Category: Clinical Trials

Alternative medicine kills cancer patients

By definition, alternative medicine has not been shown to be effective or has been shown to be ineffective. Thus, alternative medicine is ineffective against cancer and can best be represented as either no treatment at all or potentially harmful treatment. It is thus not surprising that cancer patients who choose alternative medicine have a higher risk of dying from their cancer. A...

/ August 14, 2017

AllerVarx: A Questionable Remedy for Allergic Rhinitis

AllerVarx, a new dietary supplement, claims to relieve nasal allergy symptoms, but the only "evidence" is a single disreputable clinical trial with no control group. There is no reason to try this unproven remedy when there are so many effective remedies offered by mainstream medicine.

/ July 25, 2017

Does chemotherapy cause cancer to spread?

Earlier this month, a study was published in Science Translational Medicine that showed how chemotherapy before surgery can stimulate breast cancer invasiveness and invasion under certain circumstances. Not surprisingly, alternative cancer cure mavens everywhere are spinning the study as "proof" that chemotherapy has no benefit and causes only harm (and so you should buy their nostrums instead). Unsurprisingly, the actual results are...

/ July 17, 2017

Emergency acupuncture!

For whatever reason, acupuncturists and acupuncture believers think that acupuncture can be useful in emergency situations, be they in the field ("battlefield acupuncture," anyone?) or in the ER. They even do studies purporting to show that. This is yet another of such a clinical trial, albeit larger than usual. Guess what? It doesn't really show what it's advertised to show. I explain...

/ July 3, 2017

Can mind-body practices “reprogram” our DNA?

A recent systematic review has been touted as demonstrating that "mind-body" practices like yoga can reprogram our DNA. There are several reasons to doubt these claims, not the least of which is the history of bias in past studies on this topic.

/ June 26, 2017

Medical marijuana as the new herbalism, part 5: Turning herbalism into science-based medicine

There’s a new clinical trial published in the New England Journal of Medicine showing a beneficial effect due to cannabidiol, a chemical isolated from marijuana, on drug-resistant seizures due to Dravet syndrome. Although there are a fair number of caveats, this is how you begin to turn the herbalism that characterizes medical marijuana advocacy into science-based medicine.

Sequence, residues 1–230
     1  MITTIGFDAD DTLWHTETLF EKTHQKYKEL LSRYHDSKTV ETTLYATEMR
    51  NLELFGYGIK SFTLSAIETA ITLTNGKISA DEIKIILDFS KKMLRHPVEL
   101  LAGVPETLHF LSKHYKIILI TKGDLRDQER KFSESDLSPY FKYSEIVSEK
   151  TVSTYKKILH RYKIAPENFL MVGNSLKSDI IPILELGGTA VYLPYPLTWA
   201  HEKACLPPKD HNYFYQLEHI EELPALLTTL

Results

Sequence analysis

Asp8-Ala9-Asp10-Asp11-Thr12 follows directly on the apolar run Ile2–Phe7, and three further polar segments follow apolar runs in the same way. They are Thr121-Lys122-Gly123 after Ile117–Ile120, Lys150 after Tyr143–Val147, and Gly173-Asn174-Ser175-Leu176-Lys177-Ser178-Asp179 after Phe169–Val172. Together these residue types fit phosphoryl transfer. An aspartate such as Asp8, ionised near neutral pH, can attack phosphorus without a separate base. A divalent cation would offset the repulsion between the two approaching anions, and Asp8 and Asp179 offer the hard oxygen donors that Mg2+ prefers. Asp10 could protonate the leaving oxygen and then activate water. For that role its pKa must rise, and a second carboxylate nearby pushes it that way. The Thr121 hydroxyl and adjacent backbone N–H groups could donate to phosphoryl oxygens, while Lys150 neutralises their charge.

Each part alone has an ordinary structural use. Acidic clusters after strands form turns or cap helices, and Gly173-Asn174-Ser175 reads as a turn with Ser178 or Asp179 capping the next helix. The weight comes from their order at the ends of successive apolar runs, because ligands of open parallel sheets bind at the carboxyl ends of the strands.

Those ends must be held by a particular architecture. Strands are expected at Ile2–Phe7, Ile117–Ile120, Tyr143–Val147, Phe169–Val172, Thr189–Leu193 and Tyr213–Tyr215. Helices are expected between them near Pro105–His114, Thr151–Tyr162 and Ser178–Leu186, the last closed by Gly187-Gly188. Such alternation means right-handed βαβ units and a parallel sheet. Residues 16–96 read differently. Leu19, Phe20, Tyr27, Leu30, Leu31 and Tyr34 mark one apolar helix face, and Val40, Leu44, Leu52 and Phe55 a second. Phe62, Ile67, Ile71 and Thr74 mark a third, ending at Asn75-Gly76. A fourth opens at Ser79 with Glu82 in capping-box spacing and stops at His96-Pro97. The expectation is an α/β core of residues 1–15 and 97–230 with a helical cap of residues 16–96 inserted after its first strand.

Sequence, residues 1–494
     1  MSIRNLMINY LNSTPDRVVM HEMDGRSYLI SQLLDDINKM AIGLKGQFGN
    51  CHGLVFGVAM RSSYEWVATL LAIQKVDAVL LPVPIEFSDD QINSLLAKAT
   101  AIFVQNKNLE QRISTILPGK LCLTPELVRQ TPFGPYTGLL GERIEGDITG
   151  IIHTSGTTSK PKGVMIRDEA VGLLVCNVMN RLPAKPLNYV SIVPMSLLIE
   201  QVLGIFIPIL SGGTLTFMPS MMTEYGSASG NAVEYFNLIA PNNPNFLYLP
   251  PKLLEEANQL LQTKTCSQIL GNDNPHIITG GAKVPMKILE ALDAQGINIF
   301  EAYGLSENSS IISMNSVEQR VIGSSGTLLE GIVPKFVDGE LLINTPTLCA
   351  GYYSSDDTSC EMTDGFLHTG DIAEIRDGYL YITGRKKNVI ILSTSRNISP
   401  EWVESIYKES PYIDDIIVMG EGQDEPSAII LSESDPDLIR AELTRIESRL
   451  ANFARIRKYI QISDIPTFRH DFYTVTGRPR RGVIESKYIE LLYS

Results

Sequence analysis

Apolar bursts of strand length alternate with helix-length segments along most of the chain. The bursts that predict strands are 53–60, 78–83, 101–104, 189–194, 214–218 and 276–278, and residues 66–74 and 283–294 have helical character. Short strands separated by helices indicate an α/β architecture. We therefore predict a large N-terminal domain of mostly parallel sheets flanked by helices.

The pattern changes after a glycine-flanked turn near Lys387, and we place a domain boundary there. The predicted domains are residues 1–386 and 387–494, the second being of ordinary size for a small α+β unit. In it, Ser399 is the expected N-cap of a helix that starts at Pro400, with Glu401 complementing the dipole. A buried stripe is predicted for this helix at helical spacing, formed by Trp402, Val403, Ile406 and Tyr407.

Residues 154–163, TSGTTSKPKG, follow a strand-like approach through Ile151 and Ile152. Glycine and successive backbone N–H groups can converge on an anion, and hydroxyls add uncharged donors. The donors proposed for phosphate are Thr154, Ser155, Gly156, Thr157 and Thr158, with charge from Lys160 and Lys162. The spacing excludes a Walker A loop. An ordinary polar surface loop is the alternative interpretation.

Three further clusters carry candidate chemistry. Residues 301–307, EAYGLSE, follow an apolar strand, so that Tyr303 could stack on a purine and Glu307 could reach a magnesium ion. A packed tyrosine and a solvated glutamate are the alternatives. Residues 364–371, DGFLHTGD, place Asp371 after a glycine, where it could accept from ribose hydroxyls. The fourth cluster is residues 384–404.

/ May 29, 2017

Quackery infiltrates The BMJ

As quackery in the form of "integrative medicine" has increasingly been "integrated" into medicine, medical journals are starting to notice and succumb to the temptation to decrease their skepticism. The BMJ, unfortunately, is the latest to do so. It won't be the last.

/ May 22, 2017

Two (now retracted) studies purporting to show that vaccinated children are sicker than unvaccinated children show nothing of the sort

Antivaccine websites have been touting two recently published studies as strong evidence that vaccinated children are less healthy than unvaccinated children. The studies are so flawed that they show nothing of the sort. Even more hilariously, the bottom-feeding predatory open access journal that published them appears to have retracted them.

/ May 11, 2017
Acupuncture

Cries the acupuncturist, “Medicine is biased against us, and there’s a double standard!”

A recent article in Popular Science argues that medicine has a bias against acupuncture, holding it to a higher standard of evidence than conventional medical interventions. Even if there is a double standard, the answer is not to recommend acupuncture, but rather to stop recommending medical procedures that don't work.

/ May 8, 2017

Corrigendum. The Week in Review for 05/07/2017.

Death from alternative medicine impersonators. An acupuncture study done so acupuncturists can get insurance money? A chiropractor has to refund the feds one million dollars. And more.

/ May 7, 2017